This is how I think the CRP result was calculated. The median (supposedly the centre of the range) is 0.99/2=0.495. 3.20 differs by 3.2-0.495=2.705. When this is divided by the high value or the range we get 2.705/0.99=2.732, which is 273.2%.
If we do the same with the other reading we get a median of 75 (midway between 70 and 80) and a deviation of 168-75=93. If we divide by the range 80-70=10, we get 9.30 which is 930% (not 980%).
However, if we measure the deviation from the low value of 70, we get 168-70=98, divided by the range 10 gives us 9.8=980%.
Could this be the answer to your question?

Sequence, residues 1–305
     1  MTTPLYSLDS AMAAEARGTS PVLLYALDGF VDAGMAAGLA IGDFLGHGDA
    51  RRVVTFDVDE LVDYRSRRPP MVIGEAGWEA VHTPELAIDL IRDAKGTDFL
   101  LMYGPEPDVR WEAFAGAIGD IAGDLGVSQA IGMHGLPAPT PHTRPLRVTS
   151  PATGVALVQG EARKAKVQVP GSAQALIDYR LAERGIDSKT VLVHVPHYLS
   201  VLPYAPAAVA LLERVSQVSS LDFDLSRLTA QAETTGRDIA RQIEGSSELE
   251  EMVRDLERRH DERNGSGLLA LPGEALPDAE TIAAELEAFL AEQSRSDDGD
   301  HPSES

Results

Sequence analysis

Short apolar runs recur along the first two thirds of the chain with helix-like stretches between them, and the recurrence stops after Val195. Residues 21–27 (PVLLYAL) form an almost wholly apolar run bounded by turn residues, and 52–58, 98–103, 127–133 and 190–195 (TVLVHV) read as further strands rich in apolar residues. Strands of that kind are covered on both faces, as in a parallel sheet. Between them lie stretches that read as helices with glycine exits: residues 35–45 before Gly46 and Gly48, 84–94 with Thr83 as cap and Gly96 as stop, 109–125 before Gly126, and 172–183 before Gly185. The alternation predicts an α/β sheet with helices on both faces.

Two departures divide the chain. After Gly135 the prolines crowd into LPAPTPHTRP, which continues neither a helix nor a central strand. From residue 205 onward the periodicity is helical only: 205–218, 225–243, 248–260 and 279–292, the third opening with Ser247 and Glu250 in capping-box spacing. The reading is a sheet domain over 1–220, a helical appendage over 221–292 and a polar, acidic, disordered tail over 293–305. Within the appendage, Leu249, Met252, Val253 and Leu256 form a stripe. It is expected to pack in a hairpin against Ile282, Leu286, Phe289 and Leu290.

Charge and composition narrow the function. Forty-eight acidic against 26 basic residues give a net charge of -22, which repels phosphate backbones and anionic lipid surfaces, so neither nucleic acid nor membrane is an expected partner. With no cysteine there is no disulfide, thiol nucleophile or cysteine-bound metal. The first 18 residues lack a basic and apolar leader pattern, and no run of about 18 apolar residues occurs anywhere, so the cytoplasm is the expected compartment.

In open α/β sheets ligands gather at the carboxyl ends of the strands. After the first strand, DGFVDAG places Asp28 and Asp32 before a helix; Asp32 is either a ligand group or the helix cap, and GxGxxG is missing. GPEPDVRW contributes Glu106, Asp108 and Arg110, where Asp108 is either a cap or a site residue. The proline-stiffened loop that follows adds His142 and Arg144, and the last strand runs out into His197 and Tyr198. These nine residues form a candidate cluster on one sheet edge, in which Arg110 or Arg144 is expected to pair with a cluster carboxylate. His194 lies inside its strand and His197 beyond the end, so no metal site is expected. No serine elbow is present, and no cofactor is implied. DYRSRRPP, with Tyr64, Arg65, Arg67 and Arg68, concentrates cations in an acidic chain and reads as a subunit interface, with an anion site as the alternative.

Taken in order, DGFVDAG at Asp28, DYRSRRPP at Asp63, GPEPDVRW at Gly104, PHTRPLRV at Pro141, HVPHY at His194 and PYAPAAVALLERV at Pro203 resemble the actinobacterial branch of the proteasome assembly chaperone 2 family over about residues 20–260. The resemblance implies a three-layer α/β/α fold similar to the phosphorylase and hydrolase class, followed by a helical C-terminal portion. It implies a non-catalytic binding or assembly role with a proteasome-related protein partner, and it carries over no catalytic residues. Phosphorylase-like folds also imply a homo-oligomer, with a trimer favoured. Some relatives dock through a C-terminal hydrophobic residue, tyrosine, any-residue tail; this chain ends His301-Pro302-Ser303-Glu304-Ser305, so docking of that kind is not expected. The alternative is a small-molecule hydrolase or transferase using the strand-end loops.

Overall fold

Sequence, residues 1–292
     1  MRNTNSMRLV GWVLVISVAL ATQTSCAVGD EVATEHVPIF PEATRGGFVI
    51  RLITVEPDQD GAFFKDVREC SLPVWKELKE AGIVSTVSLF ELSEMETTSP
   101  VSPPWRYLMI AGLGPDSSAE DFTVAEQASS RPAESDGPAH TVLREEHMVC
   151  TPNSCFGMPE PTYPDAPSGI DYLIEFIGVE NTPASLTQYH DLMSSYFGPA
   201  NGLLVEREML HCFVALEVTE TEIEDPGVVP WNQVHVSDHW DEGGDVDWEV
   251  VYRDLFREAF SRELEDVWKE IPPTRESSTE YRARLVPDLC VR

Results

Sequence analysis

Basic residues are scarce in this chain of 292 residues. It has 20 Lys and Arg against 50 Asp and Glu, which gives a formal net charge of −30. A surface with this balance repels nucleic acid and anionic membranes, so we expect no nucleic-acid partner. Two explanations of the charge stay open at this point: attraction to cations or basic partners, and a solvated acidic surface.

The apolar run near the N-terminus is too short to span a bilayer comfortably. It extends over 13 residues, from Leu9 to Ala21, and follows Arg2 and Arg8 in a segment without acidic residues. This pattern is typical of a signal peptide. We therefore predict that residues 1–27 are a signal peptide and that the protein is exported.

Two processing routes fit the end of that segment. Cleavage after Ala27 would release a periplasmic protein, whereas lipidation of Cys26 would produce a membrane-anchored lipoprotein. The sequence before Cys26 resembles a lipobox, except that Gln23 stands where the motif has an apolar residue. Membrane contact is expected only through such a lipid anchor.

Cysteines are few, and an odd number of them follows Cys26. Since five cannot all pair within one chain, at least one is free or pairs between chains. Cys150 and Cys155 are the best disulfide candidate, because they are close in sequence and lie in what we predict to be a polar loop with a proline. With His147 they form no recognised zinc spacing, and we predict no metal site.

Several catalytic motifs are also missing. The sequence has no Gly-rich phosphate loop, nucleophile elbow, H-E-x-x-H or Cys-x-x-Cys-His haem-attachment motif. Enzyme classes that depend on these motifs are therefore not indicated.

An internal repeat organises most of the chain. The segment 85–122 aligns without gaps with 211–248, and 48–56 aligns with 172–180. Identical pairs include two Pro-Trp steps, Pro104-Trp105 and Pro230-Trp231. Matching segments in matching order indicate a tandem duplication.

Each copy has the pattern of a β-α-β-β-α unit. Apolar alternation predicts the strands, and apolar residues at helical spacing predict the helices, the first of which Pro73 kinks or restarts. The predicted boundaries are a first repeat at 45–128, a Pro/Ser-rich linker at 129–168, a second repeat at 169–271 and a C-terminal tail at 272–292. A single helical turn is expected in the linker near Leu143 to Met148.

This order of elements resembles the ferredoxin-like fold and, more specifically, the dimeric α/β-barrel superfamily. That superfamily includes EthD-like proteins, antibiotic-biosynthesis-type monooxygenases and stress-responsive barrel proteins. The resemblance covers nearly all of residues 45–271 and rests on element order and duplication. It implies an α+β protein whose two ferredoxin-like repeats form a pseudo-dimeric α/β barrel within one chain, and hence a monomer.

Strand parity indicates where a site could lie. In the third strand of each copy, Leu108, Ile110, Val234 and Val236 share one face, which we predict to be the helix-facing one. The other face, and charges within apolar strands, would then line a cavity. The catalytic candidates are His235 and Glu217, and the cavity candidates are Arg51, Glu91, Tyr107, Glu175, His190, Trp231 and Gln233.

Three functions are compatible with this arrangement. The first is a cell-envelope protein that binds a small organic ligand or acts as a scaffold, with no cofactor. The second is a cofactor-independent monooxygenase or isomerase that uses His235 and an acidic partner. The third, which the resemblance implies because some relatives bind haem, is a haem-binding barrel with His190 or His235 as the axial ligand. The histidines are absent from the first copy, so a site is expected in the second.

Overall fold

One more observation: the mean is the average value (the actual centre of the range) but the median is something different: it’s the central value in a dataset, so, in a large dataset of blood samples, the mean (average) could be the same as the median, and often is, but in many cases the median could be different. So if there is a preponderance of data around a certain value, the median could be displaced from the mean. In the first test, the results of population blood tests could have established that the value of 70 (or thereabouts) was more common than the mean 75, even though the spread of the data made the average 75 (called a positive skew distribution). I believe this to be the case, and that’s why they give the percentage deviation from the median rather than from the mean.